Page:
(2091) Sterna albifrons saundersi.
THE BLACK-SHAFTED TERNLET.
Sterna saundersi Hume, Str. Feath., v, p. 324 (1877) (Karachi,. Sind) ; Blanf. & Oates, iv, p. 321.
Vernacular names. None recorded.
Description. In this race the upper parts are rather paler than in any of the others and the rump and upper tail-coverts are concolorous with the back and the tail nearly so; the shafts of the first three primaries are black, not white or brown, whilst the outer webs and inside of inner webs are blacker and contrast more strongly with the inner white margin; the bill is shorter and more slender than in either S. a. albifrons or S. a. sinensis.
Colours of soft parts. Iris brown; bill yellow or orange-yellow with a black tip; legs and feet yellowish-brown.
Measurements. Wing 156 to 170 mm.; culmen 27 to 29 mm., average 27.8 mm.; very slender.
Distribution. Southern coasts of Red Sea and Persian Gulf to the Somali coast in East Africa and Karachi in India.
Nidification. This Ternlet commences to breed in May but the majority do not lay until June, whilst many continue to lay up to the end of August; on the other hand, both Bethara and Vidal took eggs at the end of April. The birds breed on the sand-hills and shores from Karachi along the Mekran coast, often some way inland but the nests are so scattered that they can hardly be said to breed in colonies. Here and there ten or a dozen pairs may breed within a radius of half a mile but often one or two nests may be found far from any other. The nest consists of a scratching in the sand and Ticehurst says that a favourite site is a small sand-mound formed by some obstruction plant or other which catches the drift-sand. The normal clutch of eggs is two, sometimes one only and seldom three. The colour is remarkably constant, a pale sandy grey very lightly speckled or spotted with light brown. More boldly marked eggs or eggs with a deeper ground are exceptional and there is no variation in colour like that shown in the eggs of the other Ternlets. Eighty eggs (46 Ticehurst) average 21.7 x 23.6 mm.: maxima 34.0 X 25.5 mm.; minima 29.5 x 23.0 and 32.0 x 22.25 mm.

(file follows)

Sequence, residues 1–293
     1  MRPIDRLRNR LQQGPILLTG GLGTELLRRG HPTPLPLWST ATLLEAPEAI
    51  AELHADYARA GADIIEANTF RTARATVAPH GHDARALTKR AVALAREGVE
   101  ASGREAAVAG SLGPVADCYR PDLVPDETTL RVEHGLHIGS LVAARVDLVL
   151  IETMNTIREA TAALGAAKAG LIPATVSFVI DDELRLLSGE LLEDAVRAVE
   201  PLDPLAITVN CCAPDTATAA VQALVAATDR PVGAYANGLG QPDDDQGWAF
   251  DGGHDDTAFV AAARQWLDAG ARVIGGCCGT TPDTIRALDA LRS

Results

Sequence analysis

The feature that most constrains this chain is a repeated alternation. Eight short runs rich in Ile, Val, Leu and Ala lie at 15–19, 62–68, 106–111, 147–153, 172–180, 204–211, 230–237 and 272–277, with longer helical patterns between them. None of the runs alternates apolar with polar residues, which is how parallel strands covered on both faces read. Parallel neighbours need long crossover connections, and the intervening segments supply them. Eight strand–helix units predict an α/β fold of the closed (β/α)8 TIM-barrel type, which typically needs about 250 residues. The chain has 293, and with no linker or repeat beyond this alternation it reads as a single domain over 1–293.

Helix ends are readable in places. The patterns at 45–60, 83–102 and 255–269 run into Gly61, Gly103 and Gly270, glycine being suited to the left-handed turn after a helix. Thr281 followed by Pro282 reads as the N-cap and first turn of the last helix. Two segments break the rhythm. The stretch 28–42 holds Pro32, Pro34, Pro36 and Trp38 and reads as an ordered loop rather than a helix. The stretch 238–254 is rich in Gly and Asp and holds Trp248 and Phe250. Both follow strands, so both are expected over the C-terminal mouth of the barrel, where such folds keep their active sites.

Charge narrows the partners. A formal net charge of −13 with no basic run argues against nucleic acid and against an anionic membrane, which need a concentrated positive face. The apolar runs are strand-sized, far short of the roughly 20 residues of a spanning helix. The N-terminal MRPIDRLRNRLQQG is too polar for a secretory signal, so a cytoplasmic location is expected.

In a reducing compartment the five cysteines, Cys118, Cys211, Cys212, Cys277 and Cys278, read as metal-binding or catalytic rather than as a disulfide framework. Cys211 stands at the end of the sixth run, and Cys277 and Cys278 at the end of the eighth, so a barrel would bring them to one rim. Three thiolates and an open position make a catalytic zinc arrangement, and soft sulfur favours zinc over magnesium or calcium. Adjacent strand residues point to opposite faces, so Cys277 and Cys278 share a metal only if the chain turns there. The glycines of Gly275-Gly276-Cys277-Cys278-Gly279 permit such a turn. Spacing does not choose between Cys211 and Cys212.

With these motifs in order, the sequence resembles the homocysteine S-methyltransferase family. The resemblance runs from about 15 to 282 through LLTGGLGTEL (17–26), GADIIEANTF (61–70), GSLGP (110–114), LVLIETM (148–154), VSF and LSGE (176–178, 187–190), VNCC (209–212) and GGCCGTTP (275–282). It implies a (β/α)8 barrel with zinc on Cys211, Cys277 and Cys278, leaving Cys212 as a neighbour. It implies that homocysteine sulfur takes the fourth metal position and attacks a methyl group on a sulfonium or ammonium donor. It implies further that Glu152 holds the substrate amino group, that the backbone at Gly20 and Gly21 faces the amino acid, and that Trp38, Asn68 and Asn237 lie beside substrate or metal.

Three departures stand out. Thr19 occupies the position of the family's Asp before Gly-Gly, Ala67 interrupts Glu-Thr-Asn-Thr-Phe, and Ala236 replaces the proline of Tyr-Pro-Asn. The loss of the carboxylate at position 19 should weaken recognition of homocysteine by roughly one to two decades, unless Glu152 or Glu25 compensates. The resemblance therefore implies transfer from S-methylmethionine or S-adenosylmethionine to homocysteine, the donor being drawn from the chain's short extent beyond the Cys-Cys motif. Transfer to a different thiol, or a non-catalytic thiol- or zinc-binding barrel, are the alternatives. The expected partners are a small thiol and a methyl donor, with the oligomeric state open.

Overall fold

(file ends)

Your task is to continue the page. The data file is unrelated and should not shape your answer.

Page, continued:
Habits. This bird is entirely a Sea-Tern and is found nowhere inland. It is a resident but moves locally with the supply of small fish and fish fry on which it feeds almost exclusively. Ludlow says that its call, though like that of the other races, is easily recognizable, though the difference is hard to explain.